Friday, November 21, 2008

A Guide to Planning

Just looking at caregiving websites will get a person thinking, “What if this happens to my mom? My husband? My friend? Me?” Many people may find it too overwhelming and stick it in their “One-of-These-Days” file. I know the feeling.

I found a particular gem on the AARP Foundation website ( entitled Prepare to Care: A Planning Guide for Families, a free 30-page booklet that can be downloaded from the website. It contains cogent information and well-designed forms to implement a five-step process including preparing to talk, forming a team, assessing needs, making a plan, and taking action. The booklet is written for intergenerational family use, but it can easily be adapted to work with non-traditional caring communities.

The introduction very sensitively states:
“Lack of planning doesn’t mean there is a lack of commitment. On the contrary, often families avoid discussions about the future simply because they don’t want to think about changes in the lives of the people they love the most…. Like writing a will or buying a life insurance policy, contemplating the “what ifs,” especially a serious illness or a loss of independence, can be downright depressing.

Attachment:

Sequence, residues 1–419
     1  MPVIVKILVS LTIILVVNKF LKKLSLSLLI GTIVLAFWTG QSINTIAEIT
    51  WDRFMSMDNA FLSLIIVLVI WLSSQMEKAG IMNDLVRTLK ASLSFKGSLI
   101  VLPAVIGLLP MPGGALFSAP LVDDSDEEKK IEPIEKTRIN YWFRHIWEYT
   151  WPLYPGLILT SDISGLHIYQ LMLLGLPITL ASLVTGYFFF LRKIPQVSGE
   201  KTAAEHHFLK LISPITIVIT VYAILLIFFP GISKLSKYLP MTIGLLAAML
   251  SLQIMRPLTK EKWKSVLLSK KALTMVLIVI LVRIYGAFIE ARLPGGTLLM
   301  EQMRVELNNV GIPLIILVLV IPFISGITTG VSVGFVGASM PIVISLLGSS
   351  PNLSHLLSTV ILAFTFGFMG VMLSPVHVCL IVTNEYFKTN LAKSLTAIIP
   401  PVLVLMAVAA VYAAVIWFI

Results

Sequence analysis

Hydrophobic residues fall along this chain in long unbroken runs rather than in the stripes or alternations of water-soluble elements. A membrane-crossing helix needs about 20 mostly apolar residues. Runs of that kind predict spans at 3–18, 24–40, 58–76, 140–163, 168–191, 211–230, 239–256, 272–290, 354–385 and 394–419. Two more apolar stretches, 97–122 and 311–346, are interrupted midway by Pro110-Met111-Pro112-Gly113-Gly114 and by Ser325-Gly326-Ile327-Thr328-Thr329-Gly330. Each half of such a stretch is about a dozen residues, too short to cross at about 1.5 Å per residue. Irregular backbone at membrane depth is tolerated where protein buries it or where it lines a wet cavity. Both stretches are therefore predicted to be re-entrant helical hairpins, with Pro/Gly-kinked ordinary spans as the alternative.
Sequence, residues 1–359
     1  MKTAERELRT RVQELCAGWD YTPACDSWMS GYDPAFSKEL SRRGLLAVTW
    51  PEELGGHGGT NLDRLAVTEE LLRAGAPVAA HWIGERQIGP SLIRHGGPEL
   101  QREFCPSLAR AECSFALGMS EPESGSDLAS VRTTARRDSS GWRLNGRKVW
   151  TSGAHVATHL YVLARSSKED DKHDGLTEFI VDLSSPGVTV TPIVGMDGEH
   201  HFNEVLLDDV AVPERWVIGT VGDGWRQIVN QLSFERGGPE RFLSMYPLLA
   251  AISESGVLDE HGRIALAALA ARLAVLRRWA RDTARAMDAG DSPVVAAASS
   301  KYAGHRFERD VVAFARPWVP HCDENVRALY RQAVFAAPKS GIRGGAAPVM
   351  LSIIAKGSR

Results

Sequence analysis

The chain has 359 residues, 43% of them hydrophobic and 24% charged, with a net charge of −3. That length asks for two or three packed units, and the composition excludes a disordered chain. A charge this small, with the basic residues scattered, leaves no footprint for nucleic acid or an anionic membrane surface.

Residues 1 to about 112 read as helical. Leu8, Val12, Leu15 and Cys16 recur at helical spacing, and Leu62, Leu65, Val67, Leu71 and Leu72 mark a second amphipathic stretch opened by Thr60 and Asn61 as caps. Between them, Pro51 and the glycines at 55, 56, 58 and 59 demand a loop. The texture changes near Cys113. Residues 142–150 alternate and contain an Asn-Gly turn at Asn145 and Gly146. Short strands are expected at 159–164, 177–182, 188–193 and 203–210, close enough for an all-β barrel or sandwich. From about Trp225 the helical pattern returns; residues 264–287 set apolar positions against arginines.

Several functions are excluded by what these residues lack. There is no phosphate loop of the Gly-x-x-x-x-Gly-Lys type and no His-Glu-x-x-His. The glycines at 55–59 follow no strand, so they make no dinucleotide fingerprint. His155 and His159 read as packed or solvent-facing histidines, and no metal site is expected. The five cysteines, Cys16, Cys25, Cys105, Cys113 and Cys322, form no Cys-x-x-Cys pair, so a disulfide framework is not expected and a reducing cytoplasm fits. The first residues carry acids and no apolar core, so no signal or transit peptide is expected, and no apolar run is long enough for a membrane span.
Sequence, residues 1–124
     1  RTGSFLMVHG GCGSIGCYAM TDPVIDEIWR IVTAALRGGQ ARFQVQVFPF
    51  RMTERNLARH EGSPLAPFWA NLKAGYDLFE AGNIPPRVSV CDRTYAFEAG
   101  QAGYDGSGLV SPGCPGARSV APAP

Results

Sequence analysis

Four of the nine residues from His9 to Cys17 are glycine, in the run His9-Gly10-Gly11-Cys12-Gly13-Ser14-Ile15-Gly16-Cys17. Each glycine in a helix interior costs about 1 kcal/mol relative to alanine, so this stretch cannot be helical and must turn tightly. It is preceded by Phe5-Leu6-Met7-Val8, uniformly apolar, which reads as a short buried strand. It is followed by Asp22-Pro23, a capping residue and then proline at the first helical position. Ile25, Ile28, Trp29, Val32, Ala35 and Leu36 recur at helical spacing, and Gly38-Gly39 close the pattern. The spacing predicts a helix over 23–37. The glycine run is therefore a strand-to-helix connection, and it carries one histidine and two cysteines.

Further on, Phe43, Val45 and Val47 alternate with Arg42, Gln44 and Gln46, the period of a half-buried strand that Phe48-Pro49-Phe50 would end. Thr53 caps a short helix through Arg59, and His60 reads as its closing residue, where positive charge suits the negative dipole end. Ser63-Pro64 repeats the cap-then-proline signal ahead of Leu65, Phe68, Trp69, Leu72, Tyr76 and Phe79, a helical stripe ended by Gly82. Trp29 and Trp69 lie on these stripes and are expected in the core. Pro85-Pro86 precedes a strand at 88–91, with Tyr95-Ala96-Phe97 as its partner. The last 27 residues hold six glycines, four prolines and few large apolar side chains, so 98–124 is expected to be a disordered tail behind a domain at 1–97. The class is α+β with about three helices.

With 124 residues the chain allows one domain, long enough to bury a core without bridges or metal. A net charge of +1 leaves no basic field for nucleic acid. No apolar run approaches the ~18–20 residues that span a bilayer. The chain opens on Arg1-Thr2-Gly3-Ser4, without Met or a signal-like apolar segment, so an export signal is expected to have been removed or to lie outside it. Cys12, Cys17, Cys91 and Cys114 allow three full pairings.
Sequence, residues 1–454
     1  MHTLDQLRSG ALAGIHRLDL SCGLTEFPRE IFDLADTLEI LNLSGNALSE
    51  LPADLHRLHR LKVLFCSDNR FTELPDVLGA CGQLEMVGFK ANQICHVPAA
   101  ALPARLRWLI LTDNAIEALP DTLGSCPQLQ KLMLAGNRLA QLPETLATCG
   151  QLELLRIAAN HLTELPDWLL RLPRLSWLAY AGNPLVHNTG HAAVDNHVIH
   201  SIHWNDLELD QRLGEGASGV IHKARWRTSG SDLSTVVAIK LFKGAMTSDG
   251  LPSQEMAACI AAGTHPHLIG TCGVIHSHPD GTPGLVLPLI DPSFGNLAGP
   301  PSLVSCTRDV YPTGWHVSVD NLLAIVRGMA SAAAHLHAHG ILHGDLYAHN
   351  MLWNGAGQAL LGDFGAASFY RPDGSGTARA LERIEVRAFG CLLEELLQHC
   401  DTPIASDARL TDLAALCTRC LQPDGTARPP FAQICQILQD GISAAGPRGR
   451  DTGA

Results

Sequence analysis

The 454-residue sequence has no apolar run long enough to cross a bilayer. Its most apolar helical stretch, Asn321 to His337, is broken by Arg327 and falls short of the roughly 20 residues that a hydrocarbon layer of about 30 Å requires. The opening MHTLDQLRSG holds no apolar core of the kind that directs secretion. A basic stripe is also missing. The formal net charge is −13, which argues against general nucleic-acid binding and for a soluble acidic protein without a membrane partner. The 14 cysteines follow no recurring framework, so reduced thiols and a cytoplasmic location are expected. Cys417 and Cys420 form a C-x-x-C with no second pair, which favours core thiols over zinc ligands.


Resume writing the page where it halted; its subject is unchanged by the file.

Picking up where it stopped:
“So why not just throw this brochure on the ‘to-do’ pile for another day?”, it goes on to ask.

“Because failing to plan for future responsibilities can make a bad situation worse. And the loved ones you tried to protect by tip-toeing around the ‘uncomfortable’ issues will be the ones who end up suffering the most.”

I especially appreciated the first section of the booklet, Prepare to Talk. The authors ask some serious questions of the adult child who is planning to meet with aging parents.

“Who is the best person to start the conversation with your loved one(s)?

What is the most difficult thing for you about having this conversation with a person you care about?

How does your family usually respond when uncomfortable subjects are discussed?”

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